Objective: Veterans are at risk for dementia because of elevated general risk factors and exposure to military risk factors; however, few studies have focused on female veterans despite their growing numbers. We sought to characterize the 10-year prevalence of cognitive impairment (i.e., mild cognitive impairment and dementia) and associated conditions in older female veterans.
Methods: Data were extracted from Veterans Health Administration medical records of 168,111 female veterans aged 65 and older. Cognitive impairment (CI) diagnoses were defined using International Classification of Diseases, Ninth Revision (ICD-9) codes or dementia medication prescriptions. Medical comorbidities and psychiatric conditions were determined using ICD-9 codes occurring within 2years of CI diagnosis or the last recorded medical encounter for veterans without CI.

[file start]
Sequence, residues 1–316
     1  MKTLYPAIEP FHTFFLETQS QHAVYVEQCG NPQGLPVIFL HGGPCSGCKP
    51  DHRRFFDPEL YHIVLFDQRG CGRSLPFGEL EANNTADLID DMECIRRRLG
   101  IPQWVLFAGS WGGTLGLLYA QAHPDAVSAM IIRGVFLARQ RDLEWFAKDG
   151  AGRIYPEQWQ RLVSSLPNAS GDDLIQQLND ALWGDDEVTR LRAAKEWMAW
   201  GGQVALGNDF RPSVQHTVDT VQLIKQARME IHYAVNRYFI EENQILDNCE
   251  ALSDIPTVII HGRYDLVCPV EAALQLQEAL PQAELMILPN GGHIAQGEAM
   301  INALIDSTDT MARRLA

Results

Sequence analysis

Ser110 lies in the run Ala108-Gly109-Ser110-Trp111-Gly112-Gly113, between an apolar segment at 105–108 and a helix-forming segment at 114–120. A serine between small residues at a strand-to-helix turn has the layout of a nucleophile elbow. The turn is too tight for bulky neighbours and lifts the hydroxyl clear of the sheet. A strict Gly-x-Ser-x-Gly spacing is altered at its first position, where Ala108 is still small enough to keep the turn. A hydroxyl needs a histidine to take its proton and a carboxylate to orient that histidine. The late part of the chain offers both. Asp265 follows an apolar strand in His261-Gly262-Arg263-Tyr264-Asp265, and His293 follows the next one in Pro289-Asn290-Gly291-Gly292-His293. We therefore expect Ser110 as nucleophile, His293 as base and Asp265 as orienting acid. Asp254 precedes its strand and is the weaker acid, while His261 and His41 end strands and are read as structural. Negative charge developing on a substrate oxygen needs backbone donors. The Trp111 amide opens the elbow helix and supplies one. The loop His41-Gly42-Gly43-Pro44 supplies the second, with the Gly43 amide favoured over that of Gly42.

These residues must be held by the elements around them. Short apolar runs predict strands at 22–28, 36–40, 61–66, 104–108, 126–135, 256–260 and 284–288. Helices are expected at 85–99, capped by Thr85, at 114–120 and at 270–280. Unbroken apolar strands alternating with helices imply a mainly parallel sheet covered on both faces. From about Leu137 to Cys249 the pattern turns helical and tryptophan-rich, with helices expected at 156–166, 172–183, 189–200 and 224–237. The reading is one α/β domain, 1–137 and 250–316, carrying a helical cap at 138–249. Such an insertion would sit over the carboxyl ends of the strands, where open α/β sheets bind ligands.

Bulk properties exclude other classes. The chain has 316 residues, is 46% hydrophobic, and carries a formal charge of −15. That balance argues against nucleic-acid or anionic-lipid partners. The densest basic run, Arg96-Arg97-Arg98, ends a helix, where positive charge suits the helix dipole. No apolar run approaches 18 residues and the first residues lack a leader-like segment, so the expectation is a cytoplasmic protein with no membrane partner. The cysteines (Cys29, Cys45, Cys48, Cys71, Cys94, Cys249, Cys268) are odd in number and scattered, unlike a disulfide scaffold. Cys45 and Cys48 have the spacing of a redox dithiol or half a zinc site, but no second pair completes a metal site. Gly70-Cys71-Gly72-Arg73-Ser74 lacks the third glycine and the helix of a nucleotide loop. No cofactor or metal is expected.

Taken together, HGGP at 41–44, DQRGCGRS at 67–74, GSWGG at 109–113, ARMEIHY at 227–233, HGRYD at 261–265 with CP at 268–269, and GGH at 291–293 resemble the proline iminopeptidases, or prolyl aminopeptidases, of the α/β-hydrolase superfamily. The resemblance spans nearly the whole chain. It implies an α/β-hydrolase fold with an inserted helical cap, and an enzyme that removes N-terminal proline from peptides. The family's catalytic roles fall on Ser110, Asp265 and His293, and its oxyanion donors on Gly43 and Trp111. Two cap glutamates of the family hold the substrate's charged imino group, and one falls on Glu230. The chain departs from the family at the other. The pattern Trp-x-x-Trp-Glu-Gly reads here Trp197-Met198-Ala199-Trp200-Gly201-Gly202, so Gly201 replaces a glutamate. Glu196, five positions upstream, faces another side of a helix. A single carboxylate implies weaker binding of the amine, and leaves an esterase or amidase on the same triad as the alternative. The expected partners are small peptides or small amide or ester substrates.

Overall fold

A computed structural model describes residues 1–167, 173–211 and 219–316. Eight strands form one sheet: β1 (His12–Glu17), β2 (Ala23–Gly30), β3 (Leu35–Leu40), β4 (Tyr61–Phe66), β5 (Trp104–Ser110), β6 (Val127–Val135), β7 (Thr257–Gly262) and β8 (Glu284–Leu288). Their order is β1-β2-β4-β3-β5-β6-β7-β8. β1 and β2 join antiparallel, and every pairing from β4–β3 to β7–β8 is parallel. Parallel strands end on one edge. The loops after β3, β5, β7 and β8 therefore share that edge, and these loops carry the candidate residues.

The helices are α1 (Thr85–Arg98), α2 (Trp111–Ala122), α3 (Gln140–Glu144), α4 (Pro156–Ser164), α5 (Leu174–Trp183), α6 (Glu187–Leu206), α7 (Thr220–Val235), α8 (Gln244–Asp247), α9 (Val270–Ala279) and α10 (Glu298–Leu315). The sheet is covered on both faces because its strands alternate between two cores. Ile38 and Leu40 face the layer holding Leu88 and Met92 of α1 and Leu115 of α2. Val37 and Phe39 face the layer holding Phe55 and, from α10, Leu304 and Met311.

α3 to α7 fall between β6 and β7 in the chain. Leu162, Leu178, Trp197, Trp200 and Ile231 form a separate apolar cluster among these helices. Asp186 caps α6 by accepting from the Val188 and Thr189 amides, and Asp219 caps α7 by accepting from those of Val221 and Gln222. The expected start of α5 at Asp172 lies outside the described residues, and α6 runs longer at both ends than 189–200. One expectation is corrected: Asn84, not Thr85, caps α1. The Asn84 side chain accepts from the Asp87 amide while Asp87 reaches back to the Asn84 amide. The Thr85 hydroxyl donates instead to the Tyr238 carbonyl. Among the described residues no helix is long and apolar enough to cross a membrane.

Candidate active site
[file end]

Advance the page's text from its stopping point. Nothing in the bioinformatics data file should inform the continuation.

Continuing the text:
Results: Ten-year prevalence was 1.8% (3,075) for mild cognitive impairment (MCI) diagnoses and 8.1% (13,653) for dementia diagnoses. Prevalence increased with age (MCI age 65: 1.4%; age 85+: 2.7%; dementia age 65: 2.5%; age 85+: 17.7%); 37.3% had dementia subtype diagnoses, with Alzheimer's disease being the most prevalent (72.7%). 47.7% of veterans with CI had at least one medical comorbidity, whereas 22.5% had at least one psychiatric condition.
Conclusion: Few studies have characterized the prevalence of cognitive impairment in female veterans despite the expected increases in CI and impending demographic shifts in the military. The high prevalence of medical and psychiatric conditions in female veterans with CI highlights their healthcare burden and emphasizes the need for further investigations into the prevention, treatment, and care of cognitive impairment in this understudied population.
Keywords: Veterans; cognitive impairment; dementia; medical comorbidities; prevalence; psychiatric comorbidities.
Published by Elsevier Inc.